Filtering numerics and "^" and "&" options

Author Message
Gerald 10/27/2003 11:56 am
Looking through the OEP help, I noticed an option "^" and "$" in a filtering example (^/mydir/$). Can you expand on it`s intended uses? I think I understand, but had problems getting it to work for me. It may be differences in the way it is interpreted for files, directories, and URLs.

Additionally, is it possible to filter for individual character positions and numerics in the file and directory filters? I tried using the URL examples, but found another area in the help listing it differently. Would the following new way work properly for numerics? What do you use for a single character (i.e. /data?/, where ? indicates any single character)?

Old way for directory exclusion (numeric):

/data/{:0-9}{:0-9}{:0-9}/{:0-9}{:0-9}{:0-9}-{:0-9}{:0-9}{:0-9}{:0-9}-{:0-9}{:0-9}/pdf/

Right way?:

/data/[0-9][0-9][0-9]/[0-9][0-9][0-9]-[0-9][0-9][0-9][0-9]-[0-9][0-9]/pdf/

Thanks,
Gerald
Oleg Chernavin 10/28/2003 07:04 am
> Looking through the OEP help, I noticed an option "^" and "$" in a filtering example (^/mydir/$). Can you expand on it`s intended uses? I think I understand, but had problems getting it to work for me. It may be differences in the way it is interpreted for files, directories, and URLs.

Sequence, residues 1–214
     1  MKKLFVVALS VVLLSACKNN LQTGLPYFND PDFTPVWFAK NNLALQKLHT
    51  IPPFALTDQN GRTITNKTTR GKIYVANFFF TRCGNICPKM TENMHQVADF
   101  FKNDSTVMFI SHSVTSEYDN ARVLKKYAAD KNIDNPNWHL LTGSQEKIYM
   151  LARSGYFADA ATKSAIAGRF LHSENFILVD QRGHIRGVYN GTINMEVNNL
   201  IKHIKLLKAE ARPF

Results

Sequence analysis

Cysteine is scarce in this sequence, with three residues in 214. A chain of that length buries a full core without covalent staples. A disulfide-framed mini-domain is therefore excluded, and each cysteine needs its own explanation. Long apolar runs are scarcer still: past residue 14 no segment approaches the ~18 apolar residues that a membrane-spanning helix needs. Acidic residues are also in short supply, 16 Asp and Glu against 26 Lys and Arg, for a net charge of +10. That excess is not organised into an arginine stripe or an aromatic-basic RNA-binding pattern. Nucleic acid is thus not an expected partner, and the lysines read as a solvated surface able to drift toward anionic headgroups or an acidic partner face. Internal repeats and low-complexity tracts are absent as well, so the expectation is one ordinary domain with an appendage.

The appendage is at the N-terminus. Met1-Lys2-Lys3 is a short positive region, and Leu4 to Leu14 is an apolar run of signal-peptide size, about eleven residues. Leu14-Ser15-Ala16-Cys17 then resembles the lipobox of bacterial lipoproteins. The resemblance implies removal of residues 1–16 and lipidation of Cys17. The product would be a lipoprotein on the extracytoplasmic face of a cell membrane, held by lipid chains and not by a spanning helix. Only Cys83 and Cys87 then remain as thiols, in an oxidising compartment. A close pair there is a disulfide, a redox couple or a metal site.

^ symbol indicates that the directory or filename should start from the keyword. $ - means that it should end with the keyword. ^....$ - that it should be exactly as the keyword.

Without these symbols, keyword will match, say, a filename, if it contains the keyword inside (in the beginning, middle or at the end of the filename).

> Additionally, is it possible to filter for individual character positions and numerics in the file and directory filters? I tried using the URL examples, but found another area in the help listing it differently. Would the following new way work properly for numerics? What do you use for a single character (i.e. /data?/, where ? indicates any single character)?

There is no such symbol, because ? is widely used in URLs. You can use * instead, which indicates any number of symbols: /data*/

> /data/{:0-9}{:0-9}{:0-9}/{:0-9}{:0-9}{:0-9}-{:0-9}{:0-9}{:0-9}{:0-9}-{:0-9}{:0-9}/pdf/
>
> Right way?:
>
> /data/[0-9][0-9][0-9]/[0-9][0-9][0-9]-[0-9][0-9][0-9][0-9]-[0-9][0-9]/pdf/

Yes, this one is correct.

Best regards,
Oleg Chernavin
MP Staff